RSP machine learning

Rising Sun Pictures (RSP) has appointed two post-doctoral researchers from the Australian Institute for Machine Learning (AIML) to lead a new initiative centred on the application of Artificial Intelligence (AI) to its visual effects pipeline. Dr John Bastian and Dr Ben Ward will develop pipeline tools based on machine learning and other AI applications as a means of speeding up visual effects production and creating highly photorealistic visuals.

Believing in the potential of AI to substantially change current VFX production practices, RSP is committed to working at the forefront of new AI-based techniques and systems. “AI holds great promise for visual effects applications, especially in terms of accelerating labour intensive tasks and augmenting human creativity,” said RSP’s Managing Director Tony Clark. “Our early work with AI has produced spectacular results and we are eager to push development further.”

Working through AIML, a part of the University of Adelaide, John and Ben recently collaborated with RSP on visual effects sequences for Marvel Studios’ film ‘Shang-Chi and the Legend of the Ten Rings’. They developed a novel technique for facial replacement that was used in high-intensity martial arts combat sequences. Machine learning tools were employed to train neural network models of principal actors and apply them to the faces of stunt doubles. The process proved significantly faster than traditional means of facial replacement and produced more lifelike results.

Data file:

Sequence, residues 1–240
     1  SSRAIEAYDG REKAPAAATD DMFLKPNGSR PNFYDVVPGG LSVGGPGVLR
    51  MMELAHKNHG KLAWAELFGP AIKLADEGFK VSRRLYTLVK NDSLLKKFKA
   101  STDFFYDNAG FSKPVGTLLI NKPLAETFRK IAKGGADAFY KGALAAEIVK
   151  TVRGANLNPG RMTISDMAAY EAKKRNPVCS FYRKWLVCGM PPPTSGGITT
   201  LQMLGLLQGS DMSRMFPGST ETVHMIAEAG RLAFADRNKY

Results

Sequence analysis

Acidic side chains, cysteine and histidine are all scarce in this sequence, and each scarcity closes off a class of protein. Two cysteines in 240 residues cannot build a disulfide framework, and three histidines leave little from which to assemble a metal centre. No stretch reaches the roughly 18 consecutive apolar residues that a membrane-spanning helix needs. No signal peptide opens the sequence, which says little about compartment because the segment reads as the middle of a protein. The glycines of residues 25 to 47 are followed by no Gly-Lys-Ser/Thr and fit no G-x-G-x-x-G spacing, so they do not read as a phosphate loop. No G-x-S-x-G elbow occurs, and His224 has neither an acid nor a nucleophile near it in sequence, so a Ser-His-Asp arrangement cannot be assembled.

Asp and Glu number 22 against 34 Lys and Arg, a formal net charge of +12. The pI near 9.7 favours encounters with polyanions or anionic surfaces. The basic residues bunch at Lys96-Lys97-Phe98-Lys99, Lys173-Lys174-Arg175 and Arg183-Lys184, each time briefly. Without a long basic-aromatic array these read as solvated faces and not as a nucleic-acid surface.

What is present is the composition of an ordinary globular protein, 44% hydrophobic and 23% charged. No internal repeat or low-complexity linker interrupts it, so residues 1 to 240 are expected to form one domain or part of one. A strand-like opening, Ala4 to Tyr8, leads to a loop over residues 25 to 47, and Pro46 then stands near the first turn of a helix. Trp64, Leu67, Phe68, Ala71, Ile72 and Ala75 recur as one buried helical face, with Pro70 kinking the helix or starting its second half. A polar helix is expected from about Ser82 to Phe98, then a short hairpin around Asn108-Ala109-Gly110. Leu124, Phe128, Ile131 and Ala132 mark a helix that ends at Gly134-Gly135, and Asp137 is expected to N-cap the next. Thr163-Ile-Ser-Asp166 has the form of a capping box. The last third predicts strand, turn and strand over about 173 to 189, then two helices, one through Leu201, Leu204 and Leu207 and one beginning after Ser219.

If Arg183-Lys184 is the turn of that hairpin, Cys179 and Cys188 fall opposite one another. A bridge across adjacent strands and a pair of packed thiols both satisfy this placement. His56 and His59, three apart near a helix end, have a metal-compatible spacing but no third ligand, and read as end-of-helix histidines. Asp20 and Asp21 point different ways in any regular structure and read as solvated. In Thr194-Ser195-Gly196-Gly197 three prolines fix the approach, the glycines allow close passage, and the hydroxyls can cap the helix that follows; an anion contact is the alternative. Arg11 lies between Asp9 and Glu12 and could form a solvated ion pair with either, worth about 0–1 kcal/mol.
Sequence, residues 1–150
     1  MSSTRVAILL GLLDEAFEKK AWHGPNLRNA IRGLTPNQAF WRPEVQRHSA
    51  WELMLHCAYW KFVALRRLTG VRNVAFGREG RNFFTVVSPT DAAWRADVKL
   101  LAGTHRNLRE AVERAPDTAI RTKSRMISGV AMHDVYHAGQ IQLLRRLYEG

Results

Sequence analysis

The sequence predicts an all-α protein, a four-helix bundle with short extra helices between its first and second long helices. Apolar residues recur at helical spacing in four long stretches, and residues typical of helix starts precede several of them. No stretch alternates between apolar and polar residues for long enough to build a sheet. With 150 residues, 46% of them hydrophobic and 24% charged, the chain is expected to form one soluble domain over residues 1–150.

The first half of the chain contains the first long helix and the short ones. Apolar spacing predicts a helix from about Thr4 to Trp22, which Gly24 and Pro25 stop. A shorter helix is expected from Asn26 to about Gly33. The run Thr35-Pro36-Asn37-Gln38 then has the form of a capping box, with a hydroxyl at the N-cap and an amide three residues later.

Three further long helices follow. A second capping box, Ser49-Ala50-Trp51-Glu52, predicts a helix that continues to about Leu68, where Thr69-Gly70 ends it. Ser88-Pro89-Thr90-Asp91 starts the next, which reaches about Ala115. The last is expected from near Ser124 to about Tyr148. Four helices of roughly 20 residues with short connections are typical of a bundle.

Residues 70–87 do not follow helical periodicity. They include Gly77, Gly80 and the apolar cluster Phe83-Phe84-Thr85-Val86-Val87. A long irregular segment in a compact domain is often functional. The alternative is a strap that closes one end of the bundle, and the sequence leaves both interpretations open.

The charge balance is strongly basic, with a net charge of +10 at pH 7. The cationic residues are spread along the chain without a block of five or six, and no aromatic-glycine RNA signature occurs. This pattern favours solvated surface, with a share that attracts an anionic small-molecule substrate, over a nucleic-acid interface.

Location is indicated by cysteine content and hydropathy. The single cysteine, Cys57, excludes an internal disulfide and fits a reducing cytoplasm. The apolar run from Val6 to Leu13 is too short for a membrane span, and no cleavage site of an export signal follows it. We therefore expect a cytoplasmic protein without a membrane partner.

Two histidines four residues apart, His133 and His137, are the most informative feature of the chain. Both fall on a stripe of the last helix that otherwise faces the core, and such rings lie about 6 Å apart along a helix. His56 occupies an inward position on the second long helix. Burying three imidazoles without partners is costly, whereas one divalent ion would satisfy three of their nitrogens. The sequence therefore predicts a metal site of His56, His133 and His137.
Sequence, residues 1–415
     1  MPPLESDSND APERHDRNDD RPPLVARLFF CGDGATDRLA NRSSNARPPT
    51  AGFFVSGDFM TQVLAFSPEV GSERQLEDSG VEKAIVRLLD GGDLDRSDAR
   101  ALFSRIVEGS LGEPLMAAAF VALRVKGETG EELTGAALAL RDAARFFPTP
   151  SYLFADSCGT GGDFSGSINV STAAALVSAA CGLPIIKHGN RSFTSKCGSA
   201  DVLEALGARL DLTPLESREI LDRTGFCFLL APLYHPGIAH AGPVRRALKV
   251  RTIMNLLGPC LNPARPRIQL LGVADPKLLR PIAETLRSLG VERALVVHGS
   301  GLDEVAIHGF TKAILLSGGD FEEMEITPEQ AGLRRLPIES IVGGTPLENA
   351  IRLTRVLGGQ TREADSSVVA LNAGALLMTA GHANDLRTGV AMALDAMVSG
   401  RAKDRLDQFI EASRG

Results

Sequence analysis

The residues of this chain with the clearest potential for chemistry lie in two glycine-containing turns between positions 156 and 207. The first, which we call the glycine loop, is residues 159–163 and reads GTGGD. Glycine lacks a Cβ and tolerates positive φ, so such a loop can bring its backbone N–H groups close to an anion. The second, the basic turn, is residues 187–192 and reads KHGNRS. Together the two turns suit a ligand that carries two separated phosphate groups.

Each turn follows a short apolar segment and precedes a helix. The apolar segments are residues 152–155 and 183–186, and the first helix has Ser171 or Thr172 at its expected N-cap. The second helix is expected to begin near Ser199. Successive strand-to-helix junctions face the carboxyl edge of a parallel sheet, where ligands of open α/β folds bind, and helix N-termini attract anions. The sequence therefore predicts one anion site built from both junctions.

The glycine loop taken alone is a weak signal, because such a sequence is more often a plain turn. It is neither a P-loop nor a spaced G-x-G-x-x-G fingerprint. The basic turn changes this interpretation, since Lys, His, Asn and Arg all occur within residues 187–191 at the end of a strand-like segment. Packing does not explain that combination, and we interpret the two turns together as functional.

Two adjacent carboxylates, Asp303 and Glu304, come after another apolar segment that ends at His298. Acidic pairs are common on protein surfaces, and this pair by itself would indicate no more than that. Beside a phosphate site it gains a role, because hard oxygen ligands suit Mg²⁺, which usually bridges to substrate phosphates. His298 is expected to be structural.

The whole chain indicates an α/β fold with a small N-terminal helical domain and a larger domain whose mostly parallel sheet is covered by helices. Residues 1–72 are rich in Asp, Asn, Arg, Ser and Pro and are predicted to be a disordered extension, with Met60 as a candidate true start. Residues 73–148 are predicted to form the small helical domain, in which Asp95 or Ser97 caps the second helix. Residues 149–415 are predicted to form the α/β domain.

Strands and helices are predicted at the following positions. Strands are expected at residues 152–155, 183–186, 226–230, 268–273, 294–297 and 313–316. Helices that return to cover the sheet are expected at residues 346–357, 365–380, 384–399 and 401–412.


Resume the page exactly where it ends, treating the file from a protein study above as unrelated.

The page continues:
At AIML, Ben and John have been working over the past three years as post-doctoral researchers involved in researching and developing machine learning and computer vision. They have contributed to projects related to medicine, defense, agriculture, manufacturing, environmental sustainability and general science. Both men earned their PhDs in computer science from the University of Adelaide.

In their new roles, John and Ben will work with RSP’s creative team on the application of AI tools to specific production challenges. They are currently involved in three film and series projects involving facial replacement applications like those used in ‘Shang-Chi’, when the tools were used for high-intensity combat scenes.

For that project, neural network models of principal actors were trained and applied to the faces of stunt doubles engaged in martial arts fighting. An 'identikit', or set of characteristics, of both the stunt double's and actor's faces was learned against a shared dictionary of corresponding facial features. The faces are then detected in the plate, and the machine rebuilds the image using the identikit of the intended actor. They used about 30,000 face images across five characters, training five principal models that combined to over 4 million training iterations. The team’s work totalled 51 face replacements over six scenes.

John and Ben will also seek to develop general workflow tools for routine 2D and 3D visual effects. AI can be a means of relieving artists of tedious, labour intensive tasks, speeding up the delivery of visual effects and controlling costs. “Our focus is on building AI-tools that can be integrated into RSP’s existing workflow to overcome the limitations of current technology,” said Ben. “It’s about helping artists improve results, achieve outputs faster and push beyond what was previously possible.”

John noted that AI should be viewed as a means of empowering artists. “AI can help artists accomplish incredible artistic effects without the tedium of executing every frame in a long sequence,” he said. “Facial replacement was a good place to start because faces are largely rigid, but we’ll soon be able to do the same with the human body. We’ll be able to make an actor taller, shorter, skinnier or more muscular.”